What is the difference between sanded grout and epoxy grout?

In the world of tile and stone, there are two main types of grout: sanded and epoxy. Sanded grout is a Portland cement-based product that contains silica sand along with pigment and other additives.

Epoxy resin is made from a combination of epoxy resin and a filler powder.

The purpose of this article is to explain the difference between these two products so you can decide which one will work best for your project!

Sanded grout is a Portland cement-based product with silica sand, along with pigment and other additives.

Sanded grout is a Portland cement-based product with silica sand, along with pigment and other additives.

A variety of pigments are available for sanded grouts, including titanium dioxide (which gives the final product its off-white color), calcined clay, iron oxide, and aluminum oxide.

The addition of these pigments helps to give the grout color while also adding strength and texture to it.

Sanded grouts have been around since Roman times when they were used to bond together bricks in Roman architecture.

Sanded grout is easy to use because it can be placed over large, open areas.

Sanded grout is preferred for large, open areas because it can be placed over large expanses of tile without using a trowel. Sanded grout is not recommended for grout joints narrower than 1/16th of an inch.

Epoxy grout must be applied by hand and must be applied with a trowel.

Sanded grout is not recommended for grout joints narrower than 1/16th of an inch.

Sanded grout should not be used for joints narrower than 1/16th of an inch. The sanded material can get stuck in the joint, leaving it difficult to clean.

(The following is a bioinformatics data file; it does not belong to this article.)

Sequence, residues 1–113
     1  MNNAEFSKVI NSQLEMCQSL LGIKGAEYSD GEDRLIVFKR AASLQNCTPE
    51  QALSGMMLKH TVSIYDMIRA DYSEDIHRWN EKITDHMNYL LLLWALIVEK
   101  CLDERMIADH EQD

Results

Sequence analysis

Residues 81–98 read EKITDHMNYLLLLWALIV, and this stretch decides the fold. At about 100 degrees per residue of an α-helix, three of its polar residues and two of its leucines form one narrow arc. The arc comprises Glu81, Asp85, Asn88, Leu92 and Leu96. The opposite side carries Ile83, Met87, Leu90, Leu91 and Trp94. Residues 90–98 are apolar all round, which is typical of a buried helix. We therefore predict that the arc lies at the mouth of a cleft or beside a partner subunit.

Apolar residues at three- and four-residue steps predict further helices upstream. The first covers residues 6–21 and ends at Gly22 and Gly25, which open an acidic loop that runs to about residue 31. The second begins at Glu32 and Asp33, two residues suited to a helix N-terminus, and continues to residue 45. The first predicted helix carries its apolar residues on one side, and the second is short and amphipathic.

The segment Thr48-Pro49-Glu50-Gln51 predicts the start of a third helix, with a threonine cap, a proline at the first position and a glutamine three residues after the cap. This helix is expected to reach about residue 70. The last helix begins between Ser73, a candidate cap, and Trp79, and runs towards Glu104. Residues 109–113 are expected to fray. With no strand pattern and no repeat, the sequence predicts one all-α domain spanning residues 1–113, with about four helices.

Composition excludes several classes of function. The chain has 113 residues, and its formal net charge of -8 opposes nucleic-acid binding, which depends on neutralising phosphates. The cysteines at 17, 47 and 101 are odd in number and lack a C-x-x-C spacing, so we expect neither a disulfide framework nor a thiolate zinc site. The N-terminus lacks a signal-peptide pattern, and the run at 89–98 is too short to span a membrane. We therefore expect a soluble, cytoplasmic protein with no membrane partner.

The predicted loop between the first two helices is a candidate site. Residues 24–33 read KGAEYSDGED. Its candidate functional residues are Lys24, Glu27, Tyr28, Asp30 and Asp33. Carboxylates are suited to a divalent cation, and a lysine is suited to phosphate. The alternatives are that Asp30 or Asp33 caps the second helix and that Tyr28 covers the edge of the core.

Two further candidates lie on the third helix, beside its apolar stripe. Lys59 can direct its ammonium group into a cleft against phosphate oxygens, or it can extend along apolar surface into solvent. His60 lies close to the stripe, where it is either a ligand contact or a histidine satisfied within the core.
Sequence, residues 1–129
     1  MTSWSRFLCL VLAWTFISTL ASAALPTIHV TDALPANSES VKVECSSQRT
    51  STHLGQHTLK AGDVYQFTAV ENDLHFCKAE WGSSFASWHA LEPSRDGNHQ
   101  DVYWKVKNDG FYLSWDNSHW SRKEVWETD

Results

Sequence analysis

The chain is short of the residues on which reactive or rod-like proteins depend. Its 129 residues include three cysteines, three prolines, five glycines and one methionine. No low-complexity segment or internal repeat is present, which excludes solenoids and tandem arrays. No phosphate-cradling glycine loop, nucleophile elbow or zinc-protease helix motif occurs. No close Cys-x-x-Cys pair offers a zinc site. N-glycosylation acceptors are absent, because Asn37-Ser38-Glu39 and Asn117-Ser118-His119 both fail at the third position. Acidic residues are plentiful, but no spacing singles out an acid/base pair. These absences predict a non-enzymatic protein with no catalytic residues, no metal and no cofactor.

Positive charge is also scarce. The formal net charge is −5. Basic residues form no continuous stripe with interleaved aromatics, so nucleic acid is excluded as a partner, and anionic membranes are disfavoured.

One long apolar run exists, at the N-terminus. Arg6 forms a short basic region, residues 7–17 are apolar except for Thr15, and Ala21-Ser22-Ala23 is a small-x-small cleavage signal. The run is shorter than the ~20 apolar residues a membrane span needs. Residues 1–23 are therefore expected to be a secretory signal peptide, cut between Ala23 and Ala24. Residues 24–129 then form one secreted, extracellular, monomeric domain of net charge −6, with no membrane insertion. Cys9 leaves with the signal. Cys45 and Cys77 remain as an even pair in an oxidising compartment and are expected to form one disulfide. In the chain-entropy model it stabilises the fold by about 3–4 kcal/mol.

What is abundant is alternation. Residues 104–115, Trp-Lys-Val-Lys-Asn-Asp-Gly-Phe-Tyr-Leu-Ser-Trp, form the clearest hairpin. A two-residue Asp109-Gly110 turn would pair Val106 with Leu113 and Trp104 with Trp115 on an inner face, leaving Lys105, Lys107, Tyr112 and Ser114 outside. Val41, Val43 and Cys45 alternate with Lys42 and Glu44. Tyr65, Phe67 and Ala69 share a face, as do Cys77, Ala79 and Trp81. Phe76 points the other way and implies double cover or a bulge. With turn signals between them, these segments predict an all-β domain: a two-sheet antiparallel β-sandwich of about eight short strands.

Epoxy grout, on the other hand, is a mix of epoxy resin and filler powder.

As you can see, epoxy grout is a mixture of epoxy resin and filler powder. While these may seem like two simple ingredients, they give the epoxy grout its high-performance material qualities. Epoxy grout is durable and chemical resistant (making it perfect to use in bathrooms or kitchens), as well as waterproof and stain resistant.

Epoxy resins are used in high-performance products that are durable and chemical resistant, making them ideally suited for tile & stone applications.

Epoxy resins are used in high-performance products that are durable and chemical resistant, making them ideally suited for tile & stone applications. Epoxy resins cure through a chemical reaction known as an addition reaction.

Epoxies are thermosetting polymers. To understand how epoxies work, you must first understand what a polymer is.

A polymer is simply a long chain of repeating units called monomers that have been chemically bonded together to form one molecule.

Polymers can be linear or branched chain molecules depending on their structure, but when they are exposed to heat or UV light they harden into solids due to cross-linking between the monomers (see image below).

When mixing epoxy grout, it’s very important that the resin and hardener are carefully measured to ensure proper curing of the product.

Mixing epoxy grout is a science and a skill that takes time to learn. It’s a two-step process with the first step being mixing together the resin, hardener, and pigment.

The second step involves spreading the mixture on your tile surface and allowing it to dry completely before curing with UV light or heat lamps.